I did reach out to the professor and told him that, in general, reports about data should focus on the data and not on the personalities involved. Otherwise it creates significant potential for such reports to be misused, and in a surprising variety of ways. I gave him a detailed explanation of the events around my past three years of lawsuits asserting that I was some guy named “Ricardo Antonio”. I also pointed out that for each of the other authors on his list he had shown the publishing “brand name” where they use one, but for me he had used my personal name Richard Pearson instead of Moxreports. I also highlighted a few other issues with how he was aggregating the reports shown on his league table.
The professor later called me back to ask if I wanted to be acknowledged on the cover of his report. I made very clear to him that no, I do not want to be acknowledged by him as a contributor to his report because I had nothing to do with his report. Any mention of me on the cover could easily be mis-portrayed by others as if I had been endorsing his report rather than criticizing it. And I was definitely criticizing it.
But wait a minute. By asking him to leave my name off of the cover following a discussion with him where he then changed his report several times, this could then be mis-portrayed in a very different way – as if I had somehow been involved in writing his “Activist Short Seller” report but that now I was sneakily trying to conceal my involvement in it. Sigh.
Ridiculous, right ?
Sadly, such absurdity seems to have become the rule rather than the exception over the past few years. I see many other examples of nearly identical nonsense across social media and even regular media as soon as I start tweeting about anything in either direction, or even when I Tweet that I am simply neutral on something. Anyone who follows my @Moxreports Twitter feed will know exactly what I am talking about.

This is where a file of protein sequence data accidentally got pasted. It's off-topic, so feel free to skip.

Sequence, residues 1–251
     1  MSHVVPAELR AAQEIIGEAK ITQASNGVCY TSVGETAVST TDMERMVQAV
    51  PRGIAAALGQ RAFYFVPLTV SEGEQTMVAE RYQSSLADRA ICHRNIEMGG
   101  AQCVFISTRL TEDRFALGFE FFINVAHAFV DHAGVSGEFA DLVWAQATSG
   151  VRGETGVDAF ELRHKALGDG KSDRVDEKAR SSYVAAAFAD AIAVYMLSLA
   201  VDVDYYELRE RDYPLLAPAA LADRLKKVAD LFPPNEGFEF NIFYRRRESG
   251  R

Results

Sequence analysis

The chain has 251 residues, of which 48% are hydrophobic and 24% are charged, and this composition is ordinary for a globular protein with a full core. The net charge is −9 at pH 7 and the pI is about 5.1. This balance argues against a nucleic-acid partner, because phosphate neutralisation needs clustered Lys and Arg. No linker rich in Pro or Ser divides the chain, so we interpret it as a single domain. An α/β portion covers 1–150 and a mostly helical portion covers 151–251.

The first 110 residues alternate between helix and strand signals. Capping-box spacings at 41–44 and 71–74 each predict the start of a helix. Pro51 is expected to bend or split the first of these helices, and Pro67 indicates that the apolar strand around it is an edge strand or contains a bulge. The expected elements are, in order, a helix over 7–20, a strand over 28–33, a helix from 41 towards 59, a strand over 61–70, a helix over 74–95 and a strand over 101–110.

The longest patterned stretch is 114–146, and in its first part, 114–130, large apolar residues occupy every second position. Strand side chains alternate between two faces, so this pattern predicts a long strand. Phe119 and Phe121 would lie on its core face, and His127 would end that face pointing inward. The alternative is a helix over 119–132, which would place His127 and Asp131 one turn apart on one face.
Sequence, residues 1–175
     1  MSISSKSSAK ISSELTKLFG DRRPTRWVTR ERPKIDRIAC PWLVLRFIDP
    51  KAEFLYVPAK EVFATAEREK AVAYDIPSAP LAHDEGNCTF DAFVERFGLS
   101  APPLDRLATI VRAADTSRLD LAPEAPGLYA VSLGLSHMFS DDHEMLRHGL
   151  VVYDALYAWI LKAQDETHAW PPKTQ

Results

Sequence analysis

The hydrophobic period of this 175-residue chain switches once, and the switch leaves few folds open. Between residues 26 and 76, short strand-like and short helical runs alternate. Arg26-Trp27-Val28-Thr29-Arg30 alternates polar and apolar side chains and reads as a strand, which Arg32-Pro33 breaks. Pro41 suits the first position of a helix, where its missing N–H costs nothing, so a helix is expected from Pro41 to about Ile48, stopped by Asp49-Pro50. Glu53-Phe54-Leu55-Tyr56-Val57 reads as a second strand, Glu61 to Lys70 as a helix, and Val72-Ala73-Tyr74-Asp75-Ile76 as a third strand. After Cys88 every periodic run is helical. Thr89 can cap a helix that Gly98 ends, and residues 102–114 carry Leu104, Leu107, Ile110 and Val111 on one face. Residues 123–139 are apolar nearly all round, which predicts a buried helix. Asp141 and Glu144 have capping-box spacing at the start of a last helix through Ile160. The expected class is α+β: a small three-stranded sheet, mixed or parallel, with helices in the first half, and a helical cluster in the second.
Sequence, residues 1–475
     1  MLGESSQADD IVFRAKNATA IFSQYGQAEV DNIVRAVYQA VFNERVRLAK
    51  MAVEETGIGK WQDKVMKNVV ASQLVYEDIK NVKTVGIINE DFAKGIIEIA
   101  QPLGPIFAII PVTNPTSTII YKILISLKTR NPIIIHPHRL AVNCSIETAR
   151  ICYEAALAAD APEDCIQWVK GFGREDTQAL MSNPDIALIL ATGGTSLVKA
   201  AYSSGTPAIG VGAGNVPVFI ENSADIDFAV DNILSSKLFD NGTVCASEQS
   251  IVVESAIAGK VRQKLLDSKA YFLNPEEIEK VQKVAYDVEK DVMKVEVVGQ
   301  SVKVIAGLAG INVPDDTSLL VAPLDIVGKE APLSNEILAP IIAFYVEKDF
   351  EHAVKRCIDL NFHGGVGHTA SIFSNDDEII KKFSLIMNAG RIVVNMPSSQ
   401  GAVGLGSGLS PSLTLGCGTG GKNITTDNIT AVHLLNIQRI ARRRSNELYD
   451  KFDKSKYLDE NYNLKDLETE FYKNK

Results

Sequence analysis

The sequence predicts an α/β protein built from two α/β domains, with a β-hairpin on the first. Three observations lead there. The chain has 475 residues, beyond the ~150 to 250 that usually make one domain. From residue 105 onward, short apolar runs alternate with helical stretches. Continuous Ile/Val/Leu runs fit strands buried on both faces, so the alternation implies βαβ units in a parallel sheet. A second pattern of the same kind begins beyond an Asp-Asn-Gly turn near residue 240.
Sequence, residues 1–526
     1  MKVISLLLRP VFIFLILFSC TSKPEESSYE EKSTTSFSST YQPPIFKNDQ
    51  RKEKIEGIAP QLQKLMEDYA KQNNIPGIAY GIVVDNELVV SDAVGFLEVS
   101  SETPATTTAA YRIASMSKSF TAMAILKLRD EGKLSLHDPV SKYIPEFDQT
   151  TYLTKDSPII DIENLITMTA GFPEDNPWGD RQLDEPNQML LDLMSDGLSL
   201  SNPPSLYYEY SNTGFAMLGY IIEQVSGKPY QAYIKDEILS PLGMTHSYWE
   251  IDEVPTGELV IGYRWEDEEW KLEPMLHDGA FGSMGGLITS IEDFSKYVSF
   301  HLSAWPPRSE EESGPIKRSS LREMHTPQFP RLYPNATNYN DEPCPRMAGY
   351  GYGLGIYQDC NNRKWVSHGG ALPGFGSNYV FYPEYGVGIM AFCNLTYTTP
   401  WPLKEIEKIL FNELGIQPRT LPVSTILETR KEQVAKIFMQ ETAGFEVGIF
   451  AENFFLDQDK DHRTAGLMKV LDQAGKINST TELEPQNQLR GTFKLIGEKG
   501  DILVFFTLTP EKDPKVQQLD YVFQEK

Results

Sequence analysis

As I have already illustrated, such small nonsense may appear absurdly trivial at first glance. And it often is, at first. But it has very real potential to snowball into much larger nonsense as it gets repeated and rebroadcast over time. This is just the world we live in. So I have learned the importance of addressing such things early on.
As most of you know, I could go into my usual lengthy routines to illustrate and prove these things if I felt like spending the time to do so. Wading through these challenges used to be lots of fun. But now I find such nonsense more aggravating than anything else. So for now, I am taking a long vacation for the rest of the year. Yeah, I can do that.
Sometime in 2021, I will figure out what I feel like doing with this site going forward. My past work will, of course, continue to remain online for your enjoyment.
If any of you see any unusual references to my name or my past work, I would appreciate if you would email me any details or screenshots to the email address shown on my contact form.
August 21, 2020